Thursday, September 11, 2014
Greg Sisk's post about a brief on behalf of eighteen criminal law professors in Yates v. United States brought me back a few weeks to our law school orientation at Richmond, during which a colleague and I argued the case before a panel of faculty judges for the benefit of our incoming students. When the case was originally chosen for this exercise, I asked to be on the side of liberty. But as circumstance would have it, I ended up on the side of text. And that is where I think the Supreme Court will end up as well.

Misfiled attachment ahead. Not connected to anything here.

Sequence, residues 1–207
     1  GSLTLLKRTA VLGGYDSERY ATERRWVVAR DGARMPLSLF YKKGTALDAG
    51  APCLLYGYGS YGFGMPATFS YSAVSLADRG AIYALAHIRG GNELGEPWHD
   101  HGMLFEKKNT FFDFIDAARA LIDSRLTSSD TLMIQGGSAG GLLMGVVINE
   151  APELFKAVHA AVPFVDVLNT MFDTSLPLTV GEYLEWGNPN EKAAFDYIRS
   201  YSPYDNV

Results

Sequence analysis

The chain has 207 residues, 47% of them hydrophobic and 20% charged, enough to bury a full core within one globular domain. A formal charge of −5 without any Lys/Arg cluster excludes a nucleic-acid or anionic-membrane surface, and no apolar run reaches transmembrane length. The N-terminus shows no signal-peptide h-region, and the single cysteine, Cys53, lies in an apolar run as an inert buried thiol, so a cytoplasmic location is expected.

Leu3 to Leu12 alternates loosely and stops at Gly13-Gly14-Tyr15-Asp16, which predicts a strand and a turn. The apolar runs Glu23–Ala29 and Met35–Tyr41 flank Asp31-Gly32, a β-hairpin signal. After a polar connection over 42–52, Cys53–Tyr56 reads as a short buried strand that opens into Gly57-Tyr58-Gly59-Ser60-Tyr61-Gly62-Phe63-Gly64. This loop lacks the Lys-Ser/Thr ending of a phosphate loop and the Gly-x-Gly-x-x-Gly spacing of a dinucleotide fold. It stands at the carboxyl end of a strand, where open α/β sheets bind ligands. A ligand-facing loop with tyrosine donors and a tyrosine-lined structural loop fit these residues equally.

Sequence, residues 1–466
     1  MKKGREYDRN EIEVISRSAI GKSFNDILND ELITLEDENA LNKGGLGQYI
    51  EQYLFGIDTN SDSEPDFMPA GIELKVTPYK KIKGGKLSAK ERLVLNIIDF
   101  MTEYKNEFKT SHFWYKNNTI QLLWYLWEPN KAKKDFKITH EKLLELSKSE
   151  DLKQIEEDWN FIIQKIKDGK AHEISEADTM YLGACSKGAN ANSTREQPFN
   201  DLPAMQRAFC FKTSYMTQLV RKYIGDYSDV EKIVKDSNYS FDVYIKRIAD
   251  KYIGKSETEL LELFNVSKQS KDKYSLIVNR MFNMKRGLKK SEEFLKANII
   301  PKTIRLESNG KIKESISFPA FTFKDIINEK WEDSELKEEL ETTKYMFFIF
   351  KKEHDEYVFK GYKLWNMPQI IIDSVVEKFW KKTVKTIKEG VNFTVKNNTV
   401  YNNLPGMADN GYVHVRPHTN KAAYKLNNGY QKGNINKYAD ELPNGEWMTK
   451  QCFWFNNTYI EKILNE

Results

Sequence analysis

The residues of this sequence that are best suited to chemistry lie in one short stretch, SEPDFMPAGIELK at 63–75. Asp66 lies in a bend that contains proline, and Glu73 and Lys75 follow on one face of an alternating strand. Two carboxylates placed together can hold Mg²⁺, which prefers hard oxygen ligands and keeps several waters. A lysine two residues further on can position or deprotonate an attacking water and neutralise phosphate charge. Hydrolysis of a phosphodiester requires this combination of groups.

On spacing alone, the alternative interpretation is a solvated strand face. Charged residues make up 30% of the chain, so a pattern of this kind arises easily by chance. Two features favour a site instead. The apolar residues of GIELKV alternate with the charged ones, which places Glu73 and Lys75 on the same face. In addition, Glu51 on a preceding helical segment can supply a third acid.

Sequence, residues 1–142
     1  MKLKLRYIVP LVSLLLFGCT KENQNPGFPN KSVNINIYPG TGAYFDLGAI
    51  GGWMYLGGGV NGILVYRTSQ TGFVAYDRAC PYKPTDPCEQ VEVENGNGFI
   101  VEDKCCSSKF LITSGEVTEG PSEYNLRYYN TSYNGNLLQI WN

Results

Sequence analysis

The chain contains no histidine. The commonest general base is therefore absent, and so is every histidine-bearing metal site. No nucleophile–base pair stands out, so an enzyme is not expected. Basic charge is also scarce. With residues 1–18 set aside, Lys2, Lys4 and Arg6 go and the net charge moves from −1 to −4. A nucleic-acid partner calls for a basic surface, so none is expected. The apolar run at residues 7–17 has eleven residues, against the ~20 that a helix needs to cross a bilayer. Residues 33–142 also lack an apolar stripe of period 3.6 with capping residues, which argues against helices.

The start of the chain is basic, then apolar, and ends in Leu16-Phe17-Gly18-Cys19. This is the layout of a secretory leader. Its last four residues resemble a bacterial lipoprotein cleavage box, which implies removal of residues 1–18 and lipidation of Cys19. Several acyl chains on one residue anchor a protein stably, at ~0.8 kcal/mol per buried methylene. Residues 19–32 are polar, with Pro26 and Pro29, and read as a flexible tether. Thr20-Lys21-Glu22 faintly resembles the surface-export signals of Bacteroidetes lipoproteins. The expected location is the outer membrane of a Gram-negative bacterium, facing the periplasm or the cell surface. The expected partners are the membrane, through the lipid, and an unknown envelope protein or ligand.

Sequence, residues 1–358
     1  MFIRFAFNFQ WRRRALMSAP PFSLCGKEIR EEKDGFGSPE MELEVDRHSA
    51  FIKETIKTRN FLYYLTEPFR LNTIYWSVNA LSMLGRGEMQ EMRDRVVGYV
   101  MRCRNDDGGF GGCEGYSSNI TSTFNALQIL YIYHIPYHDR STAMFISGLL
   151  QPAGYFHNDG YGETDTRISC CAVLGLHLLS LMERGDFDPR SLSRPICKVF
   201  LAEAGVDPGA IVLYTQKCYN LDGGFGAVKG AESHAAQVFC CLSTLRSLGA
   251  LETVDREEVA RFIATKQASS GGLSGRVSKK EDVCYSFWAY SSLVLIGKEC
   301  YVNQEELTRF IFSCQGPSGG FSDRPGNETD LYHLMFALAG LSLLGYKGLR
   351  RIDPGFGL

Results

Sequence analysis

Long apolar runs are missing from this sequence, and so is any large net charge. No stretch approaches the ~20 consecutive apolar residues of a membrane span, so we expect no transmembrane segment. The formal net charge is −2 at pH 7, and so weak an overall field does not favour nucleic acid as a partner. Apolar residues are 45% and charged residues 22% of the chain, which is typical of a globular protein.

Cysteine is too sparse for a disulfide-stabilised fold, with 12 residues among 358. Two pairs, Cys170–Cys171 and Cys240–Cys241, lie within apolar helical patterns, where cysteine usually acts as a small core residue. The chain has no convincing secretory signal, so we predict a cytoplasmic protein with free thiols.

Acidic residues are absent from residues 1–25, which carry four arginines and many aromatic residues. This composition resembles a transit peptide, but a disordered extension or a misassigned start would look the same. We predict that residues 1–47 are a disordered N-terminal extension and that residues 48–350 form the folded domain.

The policy problems identified in the criminal law professors' brief are real problems. But the professors' legal arguments for the petitioner in Yates will not suffice, I expect. Perhaps most importantly, the intent element confines the scope of this statute to cover conduct that is not simply malum prohibitum (in the words of the brief). Petitioner deliberately destroyed the best evidence of his civil infraction. The statutory language prohibiting this conduct was modeled on statutory language prohibiting the destruction of physical evidence in other jurisdictions and other contexts.
I predict that petitioner loses unanimously.